6. Introduction to Metaphysics (Heidegger) – Introduction to Metaphysics is a book by Martin Heidegger, the published version of a lecture course he gave in the summer of 1935 at the University of Freiburg. The content of these lectures was not published in Germany until 1953, Heidegger commended this book along with his work Being and Time, as summarising his views at that time on ontology. The work, in which Heidegger refers to the inner truth, introduction to Metaphysics is famous for Heideggers powerful reinterpretation of Greek thought and infamous for his acknowledgement of the Nazi Party. Julian Young writes that it is a work which even those on the whole sympathetic to Heidegger have generally taken to be indelibly fascist in character. Nevertheless, the work has also seen as being critical of Nazism for being insufficiently radical and suffering from the same spiritual impoverishment as the Soviet UnionIntroduction to Metaphysics (Heidegger) – Introduction to Metaphysics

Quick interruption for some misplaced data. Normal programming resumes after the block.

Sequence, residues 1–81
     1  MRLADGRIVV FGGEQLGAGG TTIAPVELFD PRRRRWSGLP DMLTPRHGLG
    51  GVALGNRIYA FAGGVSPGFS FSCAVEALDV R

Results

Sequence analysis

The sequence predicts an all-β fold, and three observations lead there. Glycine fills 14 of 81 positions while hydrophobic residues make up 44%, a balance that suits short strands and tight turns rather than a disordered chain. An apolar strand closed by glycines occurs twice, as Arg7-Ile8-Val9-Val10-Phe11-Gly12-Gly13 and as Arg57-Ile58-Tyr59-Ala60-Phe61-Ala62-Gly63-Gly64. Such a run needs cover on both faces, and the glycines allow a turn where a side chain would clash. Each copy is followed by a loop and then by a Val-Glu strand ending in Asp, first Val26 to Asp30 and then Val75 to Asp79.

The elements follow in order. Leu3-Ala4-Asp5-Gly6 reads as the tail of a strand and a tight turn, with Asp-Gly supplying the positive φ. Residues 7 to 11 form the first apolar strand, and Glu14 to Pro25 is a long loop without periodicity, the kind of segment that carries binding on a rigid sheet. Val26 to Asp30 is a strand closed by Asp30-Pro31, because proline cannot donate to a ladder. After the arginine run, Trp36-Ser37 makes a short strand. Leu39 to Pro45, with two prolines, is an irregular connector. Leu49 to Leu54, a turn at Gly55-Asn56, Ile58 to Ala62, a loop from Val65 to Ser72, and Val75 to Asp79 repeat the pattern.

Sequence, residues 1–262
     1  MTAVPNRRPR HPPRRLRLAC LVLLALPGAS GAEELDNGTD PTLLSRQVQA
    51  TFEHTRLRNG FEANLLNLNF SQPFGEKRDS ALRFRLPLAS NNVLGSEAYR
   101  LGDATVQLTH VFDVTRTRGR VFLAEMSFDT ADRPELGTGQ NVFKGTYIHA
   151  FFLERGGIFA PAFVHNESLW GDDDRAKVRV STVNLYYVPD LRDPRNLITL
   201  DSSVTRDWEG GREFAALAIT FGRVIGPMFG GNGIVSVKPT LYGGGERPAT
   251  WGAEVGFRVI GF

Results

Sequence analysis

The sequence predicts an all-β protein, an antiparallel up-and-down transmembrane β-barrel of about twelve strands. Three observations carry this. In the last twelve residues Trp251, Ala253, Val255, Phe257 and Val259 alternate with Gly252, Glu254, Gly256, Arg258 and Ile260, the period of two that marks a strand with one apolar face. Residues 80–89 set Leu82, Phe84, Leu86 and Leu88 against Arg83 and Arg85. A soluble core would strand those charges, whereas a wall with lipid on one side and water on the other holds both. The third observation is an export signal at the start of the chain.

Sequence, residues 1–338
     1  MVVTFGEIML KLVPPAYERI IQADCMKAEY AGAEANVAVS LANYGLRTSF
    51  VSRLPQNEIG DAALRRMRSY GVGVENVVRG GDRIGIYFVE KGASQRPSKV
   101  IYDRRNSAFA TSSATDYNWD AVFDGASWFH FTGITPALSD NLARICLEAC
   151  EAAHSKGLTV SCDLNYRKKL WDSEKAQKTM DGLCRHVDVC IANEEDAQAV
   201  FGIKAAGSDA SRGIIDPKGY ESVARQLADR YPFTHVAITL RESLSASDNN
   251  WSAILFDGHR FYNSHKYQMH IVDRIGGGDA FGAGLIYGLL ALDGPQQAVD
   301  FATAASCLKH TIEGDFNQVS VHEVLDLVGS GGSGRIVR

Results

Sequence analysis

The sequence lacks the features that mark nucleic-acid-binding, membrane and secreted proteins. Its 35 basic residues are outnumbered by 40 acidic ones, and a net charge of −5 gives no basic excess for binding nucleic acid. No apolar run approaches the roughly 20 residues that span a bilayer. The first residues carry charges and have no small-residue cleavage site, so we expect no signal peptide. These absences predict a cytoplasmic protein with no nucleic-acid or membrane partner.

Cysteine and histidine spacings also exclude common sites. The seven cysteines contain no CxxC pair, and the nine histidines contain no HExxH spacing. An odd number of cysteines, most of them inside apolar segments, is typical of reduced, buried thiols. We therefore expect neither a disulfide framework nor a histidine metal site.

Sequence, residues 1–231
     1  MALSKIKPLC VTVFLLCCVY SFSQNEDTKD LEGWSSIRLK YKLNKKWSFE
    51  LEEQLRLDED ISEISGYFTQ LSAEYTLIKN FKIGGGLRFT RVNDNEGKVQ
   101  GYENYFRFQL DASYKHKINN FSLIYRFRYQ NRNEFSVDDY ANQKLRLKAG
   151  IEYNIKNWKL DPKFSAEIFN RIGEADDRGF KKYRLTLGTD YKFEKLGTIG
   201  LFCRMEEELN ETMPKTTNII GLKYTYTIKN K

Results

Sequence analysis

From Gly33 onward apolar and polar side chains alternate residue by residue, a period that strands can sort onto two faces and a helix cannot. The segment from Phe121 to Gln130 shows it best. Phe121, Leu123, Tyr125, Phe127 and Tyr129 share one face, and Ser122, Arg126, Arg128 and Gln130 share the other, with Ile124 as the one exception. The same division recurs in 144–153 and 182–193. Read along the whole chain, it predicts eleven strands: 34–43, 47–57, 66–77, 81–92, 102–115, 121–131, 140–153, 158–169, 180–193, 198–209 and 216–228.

7. Language, Truth, and Logic – Language, Truth, and Logic is a 1936 work of philosophy by Alfred Jules Ayer. It brought some of the ideas of the Vienna Circle and the logical empiricists to the attention of the English-speaking world. In the book, Ayer defines, explains, and argues for the principle of logical positivism. Ayer explains how the principle of verifiability may be applied to the problems of philosophy. E, the title of the book was taken from Friedrich Waismanns Logik, Sprache, Philosophie. According to Ayer, analytic statements are tautologies, a tautology is a statement that is necessarily true, true by definition, and true under any conditions. A tautology is a repetition of the meaning of a statement, according to Ayer, the statements of logic and mathematics are tautologies. Tautologies are true by definition, and thus their validity does not depend on empirical testing, synthetic statements, or empirical propositions, assert or deny something about the real world. The validity of synthetic statements is not established merely by the definition of the words or symbols they contain, according to Ayer, if a statement expresses an empirical proposition, then the validity of the proposition is established by its empirical verifiability. Propositions are statements that have conditions under which they can be verified, by the verification principle, meaningful statements have conditions under which their validity can be affirmed or denied. Statements that are not meaningful cannot be expressed as propositions, every verifiable proposition is meaningful, although it may be either true or false. Every proposition asserts or denies something, and thus is either true or false, Ayer distinguishes between ‘strong’ and ‘weak’ verification, noting that there is a limit to how conclusively a proposition can be verified. ‘Strong’ verification is not possible for any proposition, because the validity of any proposition always depends upon further experience. ‘Weak’ verification, on the hand, is possible for any empirical proposition. Ayer also distinguishes between practical and theoretical verifiability, propositions for which we do not have a practical means of verification may still be meaningful if we can verify them in principle. Literal meaning must also be distinguished from factual meaning, literal meaning is an attribute of statements that are either analytic or empirically verifiable. Factual meaning is an attribute of statements that are meaningful without being analytic, thus, statements that have factual meaning say something about the real world. Ayer agrees with Hume that there are two classes of propositions, those that concern relations of ideas, and those that concern matters of fact. Propositions about relations of ideas include the a priori propositions of logic, propositions about matters of fact, on the other hand, make assertions about the empirical worldLanguage, Truth, and Logic – Cover of the first edition